actually mute the error as well. There are plenty of options and
    settings to build the standard you want. I think this person should be
    encouraged to explore them all.


    Previous Comments:
    ------------------------------------------------------------------------

    [2011-02-24 05:47:13] nitro2k01

    As your deduction tells you, this user was testing against Zend. Because
    of the circumstances, I adviced the user to just ignore that particular
    warning. However, I'm also contacting you to suggest the idea of
    silencing that warning under certain circumstances, if that's even
    technically possible. It's simply just a suggestion.

    If the current behavior is "by design" - and you should be able to judge
    better than me - then feel free to close this ticket.

    ------------------------------------------------------------------------

    [2011-02-24 04:42:38] squiz

    -Status: Open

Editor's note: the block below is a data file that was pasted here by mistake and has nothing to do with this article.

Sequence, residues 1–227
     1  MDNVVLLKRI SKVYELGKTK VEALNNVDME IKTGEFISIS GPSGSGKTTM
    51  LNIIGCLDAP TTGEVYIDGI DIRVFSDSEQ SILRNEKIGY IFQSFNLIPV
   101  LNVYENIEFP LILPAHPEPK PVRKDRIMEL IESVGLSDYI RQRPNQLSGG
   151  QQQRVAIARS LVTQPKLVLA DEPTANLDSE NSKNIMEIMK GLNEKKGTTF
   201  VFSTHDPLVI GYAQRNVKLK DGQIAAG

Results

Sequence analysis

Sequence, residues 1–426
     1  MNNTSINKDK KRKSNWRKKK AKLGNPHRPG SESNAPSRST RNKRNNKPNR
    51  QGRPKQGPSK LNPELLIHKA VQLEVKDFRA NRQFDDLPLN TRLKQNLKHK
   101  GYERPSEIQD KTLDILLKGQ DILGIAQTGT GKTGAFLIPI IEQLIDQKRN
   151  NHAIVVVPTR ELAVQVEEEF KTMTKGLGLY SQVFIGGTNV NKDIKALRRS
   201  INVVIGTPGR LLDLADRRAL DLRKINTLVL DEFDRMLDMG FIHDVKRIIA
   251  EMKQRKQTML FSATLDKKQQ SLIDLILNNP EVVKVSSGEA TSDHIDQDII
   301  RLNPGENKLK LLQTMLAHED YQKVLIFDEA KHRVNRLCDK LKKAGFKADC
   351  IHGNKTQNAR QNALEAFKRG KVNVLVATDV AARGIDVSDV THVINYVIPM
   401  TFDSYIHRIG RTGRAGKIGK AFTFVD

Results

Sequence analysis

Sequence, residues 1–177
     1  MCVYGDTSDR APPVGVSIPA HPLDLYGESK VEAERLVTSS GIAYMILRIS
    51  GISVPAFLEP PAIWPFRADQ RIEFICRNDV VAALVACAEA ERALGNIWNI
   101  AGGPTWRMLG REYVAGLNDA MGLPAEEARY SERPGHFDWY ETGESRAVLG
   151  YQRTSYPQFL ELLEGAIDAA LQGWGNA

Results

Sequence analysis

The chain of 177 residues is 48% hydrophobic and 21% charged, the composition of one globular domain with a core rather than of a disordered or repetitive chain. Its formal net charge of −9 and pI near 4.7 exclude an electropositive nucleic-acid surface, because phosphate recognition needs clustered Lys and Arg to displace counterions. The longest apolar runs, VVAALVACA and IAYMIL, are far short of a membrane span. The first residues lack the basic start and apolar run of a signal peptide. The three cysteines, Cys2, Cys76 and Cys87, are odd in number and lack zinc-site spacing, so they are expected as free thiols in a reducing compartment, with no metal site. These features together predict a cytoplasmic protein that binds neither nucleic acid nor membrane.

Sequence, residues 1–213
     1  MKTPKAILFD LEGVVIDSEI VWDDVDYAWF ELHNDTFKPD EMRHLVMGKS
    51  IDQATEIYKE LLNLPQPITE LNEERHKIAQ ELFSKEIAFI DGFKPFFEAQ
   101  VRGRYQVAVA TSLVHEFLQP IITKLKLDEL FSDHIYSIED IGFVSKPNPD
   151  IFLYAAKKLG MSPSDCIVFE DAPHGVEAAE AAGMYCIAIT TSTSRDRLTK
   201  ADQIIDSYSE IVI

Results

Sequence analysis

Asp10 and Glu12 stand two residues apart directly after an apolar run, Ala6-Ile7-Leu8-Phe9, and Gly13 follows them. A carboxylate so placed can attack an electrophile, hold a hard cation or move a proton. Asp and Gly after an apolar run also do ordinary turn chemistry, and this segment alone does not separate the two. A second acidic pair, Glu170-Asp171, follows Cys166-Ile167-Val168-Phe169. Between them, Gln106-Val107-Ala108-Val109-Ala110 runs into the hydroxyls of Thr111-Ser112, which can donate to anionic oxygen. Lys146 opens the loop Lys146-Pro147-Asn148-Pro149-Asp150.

+Status: Bogus
    -Assigned To:
    +Assigned To: squiz
    The first thing to note is that whoever reported the issue was obviously
    using the Zend standard in PHP_CodeSniffer, or their own custom standard
    that includes the sniff from within the Zend standard.

    If they are using the Zend standard:
    The Zend standard is *not* a complete coding standard. It is just a
    collection of sniffs that were contributed to phpcs and are to be used
    in custom standards. The default phpcs standard is PEAR, which doesn't
    contain this check. The other complete standard that is included is
    Squiz, which also doesn't contain this check. I suggest using a complete
    standard (either PEAR or Squiz) or getting hold of a standard written
    specifically for the code they are writing (like a Zend Framework one).

    If they are using a custom standard:
    Remove the sniff from the custom standard if you don't like it. Or you
    could write your won ruleset.xml file (see the docs) to mute the error
    message if you prefer.

    In general:
    PHPCS is a tool for checking code against standards. It is not a single